They entered Israel not that far from an IDF outpost and a road that serves troops in the area. (Har Dov is always closed to civilian traffic.) Their goal was presumably to carry out an attack – via sniper fire or bombs – on the IDF forces posted there. But given what has been reported about how the cell operated, the attempt does not seem to have been particularly sophisticated.
Thick vegetation makes it hard to hit an enemy moving cautiously even in broad daylight. The IDF has refused to say whether the soldiers were ordered to shoot to kill, or whether the plan was always to drive off the Hezbollah cell without causing casualties.
Nevertheless, there are fairly solid grounds for assuming that Israel deliberately decided on the latter course of action. Any such decision would have had to be made at the highest levels.
Had Hezbollah suffered losses in the incident, it might have felt compelled to mount an additional retaliation, and that could have escalated the situation along the border. Thus what looks like a tie with no casualties appears to be very convenient for both sides.
The question is whether the organization can make do with Monday’s attempt now that Israel has reported its failure, or whether it will soon try again. After the incident, the Lebanese media published an unofficial response from Hezbollah denying that its operatives fired at Israeli territory and asserting that its response to the Syrian airstrike has yet to come.
As of Monday night, that was also the assessment of Israel’s intelligence community: The story isn’t over yet, and Hezbollah is likely to try again.
But Nasrallah will also apparently need to take the calendar into account. On Thursday, Muslims will celebrate the Eid al-Adha holiday. Residents of southern Lebanon, already preoccupied with the economic crisis that has deprived them of their livelihoods, surely won’t want to spend it in bomb shelters and basements.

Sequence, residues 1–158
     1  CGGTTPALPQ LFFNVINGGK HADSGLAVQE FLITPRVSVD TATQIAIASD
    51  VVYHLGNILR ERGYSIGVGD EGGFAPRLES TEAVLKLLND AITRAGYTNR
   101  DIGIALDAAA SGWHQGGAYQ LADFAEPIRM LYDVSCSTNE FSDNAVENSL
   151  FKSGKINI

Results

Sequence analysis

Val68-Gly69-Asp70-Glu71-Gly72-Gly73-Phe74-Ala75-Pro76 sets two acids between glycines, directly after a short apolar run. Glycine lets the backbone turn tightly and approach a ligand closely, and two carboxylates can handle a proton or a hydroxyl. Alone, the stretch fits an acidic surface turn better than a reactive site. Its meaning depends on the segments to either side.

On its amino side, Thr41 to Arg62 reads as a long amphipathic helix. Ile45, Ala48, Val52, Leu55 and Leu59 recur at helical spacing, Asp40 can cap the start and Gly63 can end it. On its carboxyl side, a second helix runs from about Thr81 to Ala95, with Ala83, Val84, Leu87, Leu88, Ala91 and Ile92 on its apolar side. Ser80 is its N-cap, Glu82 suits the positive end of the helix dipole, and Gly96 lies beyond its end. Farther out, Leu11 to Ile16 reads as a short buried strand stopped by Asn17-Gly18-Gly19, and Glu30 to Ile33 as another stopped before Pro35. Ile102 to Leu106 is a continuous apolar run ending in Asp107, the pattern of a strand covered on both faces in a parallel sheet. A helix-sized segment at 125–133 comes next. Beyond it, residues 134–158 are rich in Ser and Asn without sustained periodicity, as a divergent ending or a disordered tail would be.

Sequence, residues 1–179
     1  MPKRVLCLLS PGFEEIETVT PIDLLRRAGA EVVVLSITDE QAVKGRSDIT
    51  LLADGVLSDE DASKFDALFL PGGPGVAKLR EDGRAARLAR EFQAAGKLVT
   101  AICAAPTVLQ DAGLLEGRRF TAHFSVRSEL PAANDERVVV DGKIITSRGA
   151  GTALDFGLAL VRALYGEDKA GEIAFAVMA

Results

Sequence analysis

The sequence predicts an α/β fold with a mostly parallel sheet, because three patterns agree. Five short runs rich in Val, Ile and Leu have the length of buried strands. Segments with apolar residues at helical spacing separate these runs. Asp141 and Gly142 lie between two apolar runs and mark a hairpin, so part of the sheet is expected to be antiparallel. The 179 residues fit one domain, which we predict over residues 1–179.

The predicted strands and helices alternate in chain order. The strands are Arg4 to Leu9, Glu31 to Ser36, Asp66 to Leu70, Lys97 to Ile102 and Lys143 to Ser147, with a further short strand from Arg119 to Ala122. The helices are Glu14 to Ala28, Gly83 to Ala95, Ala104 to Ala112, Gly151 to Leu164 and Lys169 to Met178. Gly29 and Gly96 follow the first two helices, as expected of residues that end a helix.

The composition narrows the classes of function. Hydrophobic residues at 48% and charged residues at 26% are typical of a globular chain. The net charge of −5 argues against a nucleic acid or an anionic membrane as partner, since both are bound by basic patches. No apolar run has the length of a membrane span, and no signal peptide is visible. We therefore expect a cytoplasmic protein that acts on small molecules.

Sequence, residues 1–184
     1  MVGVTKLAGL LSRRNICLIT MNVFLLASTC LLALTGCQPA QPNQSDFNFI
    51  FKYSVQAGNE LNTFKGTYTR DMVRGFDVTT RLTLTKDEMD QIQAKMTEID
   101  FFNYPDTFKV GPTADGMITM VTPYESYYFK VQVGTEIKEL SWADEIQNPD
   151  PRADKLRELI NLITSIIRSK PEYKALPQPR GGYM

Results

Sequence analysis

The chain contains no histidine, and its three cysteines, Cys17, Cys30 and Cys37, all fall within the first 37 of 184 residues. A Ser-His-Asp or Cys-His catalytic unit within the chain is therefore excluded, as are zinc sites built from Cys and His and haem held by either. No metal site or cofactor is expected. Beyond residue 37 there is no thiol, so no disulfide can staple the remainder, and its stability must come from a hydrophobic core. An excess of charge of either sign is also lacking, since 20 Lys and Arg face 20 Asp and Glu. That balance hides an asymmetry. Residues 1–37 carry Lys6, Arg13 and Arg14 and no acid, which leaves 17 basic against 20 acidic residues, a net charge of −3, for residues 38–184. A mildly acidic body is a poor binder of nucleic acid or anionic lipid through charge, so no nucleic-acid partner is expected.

At a joint press conference with Alternate Prime Minister and Defense Minister Benny Gantz, Prime Minister Benjamin Netanyahu warned Nasrallah that he was "playing with fire," and that any further Hezbollah operations against Israel would be a mistake and would be followed by a harsh military response against the Iran-backed movement, and against Lebanon. He didn’t include the rider traditionally added under these circumstances – that Israel isn’t interested in an escalation.
Netanyahu is managing the new security crisis in the north, like the ongoing tension with Iran, under the shadow of a widening rift with his partner in government, the Kahol Lavan party, and the continued legal proceedings against him. But his ability to leverage Monday’s incident for political gain would seem to be limited. Israelis, much like the Lebanese across the border, are currently concerned first and foremost with the coronavirus and their worries about making a living.
For now, the most we can hope for is that the tension on the border subsides, until the next time. Our other problems – the economy, the pandemic and the threat of a fourth election – aren’t going anywhere any time soon.